Amaryllis Theatre Company had a major disappointment this season with the dreary Dublin Carol, but with Lydia the company shows it is capable of producing a penetrating drama.
One of the nation’s most original but least known playwrights, Octavio Solis focuses his plays on the Mexican-American experience. Lydia, though, is a departure from his earlier, intensely poetic work (El Paso Blue), which was dominated by a sort of magical realism. Lydia is by far Solis’ most realistic and accessible play. (And is a reminder that while the Philadelphia theater community prides itself on its diversity, there is a woeful lack of productions exploring Latino culture).
Recalling the work of Tennessee Williams and especially Arthur Miller’s masterpiece, Death of a Salesman, Solis’ Lydia reveals the dark side of the American Dream and the disillusionment that accompanies a lifetime of unrealized expectations.
The story takes place entirely in the Flores family home in 1970s El Paso, Texas (which happens to be Solis’ hometown). There’s nothing unusual about the home—except that a bed that sits in the middle of the living room is occupied by 17-year-old Ceci (the excellent Caitlin Elizabeth Reilly), who was severely injured in a car accident two years earlier. Ceci’s injuries have left her in a vegetative state, and she requires constant attention. But on the inside, she has all the yearnings of a typical teenager. “I want to be wanted” she says, turning to the audience and giving voice to her inner thoughts. “I want to be fucked.”
Since the accident, Ceci is cared for by her mother Rosa (Johanna Carden in a spectacular performance) and her loving 16-year-old brother Misha (newcomer Mario Canavarro). There is an angry elder brother, Rene (Robert Daponte), who spends most of his time bashing the local gay population. The family’s omnipotent head is father Claudio (Joe Guzman in a subtly effective portrayal). A bitter man battered by life’s disappointments, Claudio rules the house through physical intimidation and stern indifference.
When Rosa returns to work, the family hires a maid named Lydia (the engaging Anjoli Santiago) to look after Ceci. A young woman of unusual insight, Lydia has the ability to communicate with Ceci. The family adores her (in more ways than one) and like a Mexican Mary Poppins she brings a sense of harmony to the household.
But the harmony is only temporary. Haunting the play is the question of what exactly occurred on the night of the accident. It is a mystery that must be resolved, but the answer comes at tremendous cost.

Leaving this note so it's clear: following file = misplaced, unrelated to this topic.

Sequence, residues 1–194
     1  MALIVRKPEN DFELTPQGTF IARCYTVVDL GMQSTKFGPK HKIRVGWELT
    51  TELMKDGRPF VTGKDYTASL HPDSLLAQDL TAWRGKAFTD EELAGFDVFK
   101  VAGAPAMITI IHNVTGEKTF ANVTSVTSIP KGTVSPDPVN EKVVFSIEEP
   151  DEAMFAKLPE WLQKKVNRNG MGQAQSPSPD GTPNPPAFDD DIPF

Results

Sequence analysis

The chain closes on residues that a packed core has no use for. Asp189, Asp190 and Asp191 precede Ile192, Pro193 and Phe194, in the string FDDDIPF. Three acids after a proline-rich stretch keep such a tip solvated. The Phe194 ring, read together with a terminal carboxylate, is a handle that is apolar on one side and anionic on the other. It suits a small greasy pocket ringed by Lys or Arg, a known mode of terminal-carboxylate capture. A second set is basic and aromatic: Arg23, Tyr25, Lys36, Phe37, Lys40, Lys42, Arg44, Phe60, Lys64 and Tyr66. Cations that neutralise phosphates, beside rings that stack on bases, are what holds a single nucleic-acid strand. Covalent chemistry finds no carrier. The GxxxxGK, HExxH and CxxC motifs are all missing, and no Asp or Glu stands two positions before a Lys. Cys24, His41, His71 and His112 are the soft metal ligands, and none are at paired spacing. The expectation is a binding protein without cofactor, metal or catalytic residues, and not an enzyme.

The acting is exceptional, particularly the performances of Guzman and Carden. Although he is physically abusive, Guzman avoids portraying Claudio as the typical macho male. In Guzman’s thoughtful performance, Claudio’s rage stems not from anger but fear. “This country robs your soul,” he tells Lydia, and in a tender moment he reveals that his only wish for his children is “peace of mind.” Carden is equally impressive, portraying Rosa as a determined, courageous woman whom we greatly admire. But she is also a woman of devoted faith, and when that faith is questioned she lashes out in ways that are both surprising and deeply troubling.
The world Solis presents in Lydia is dominated by borders. There is the obvious border between Mexico and America, but Solis also explores the divide between reality and magic, gay and straight, men and women, children and parents, legal and illegal, and life and death. Most of these borders are strictly enforced and should you dare cross over there is no turning back.
Director Josette Todara keeps the story grounded in reality, and her patient pacing allows us to empathize with the characters. When the final secret is revealed in the play’s shattering climax, we are simultaneously shocked, saddened and profoundly moved.
Through April 23. $10. The Playground at the Adrienne. 2030 Sansom St. 267.273.9823. amaryllistheatre.org
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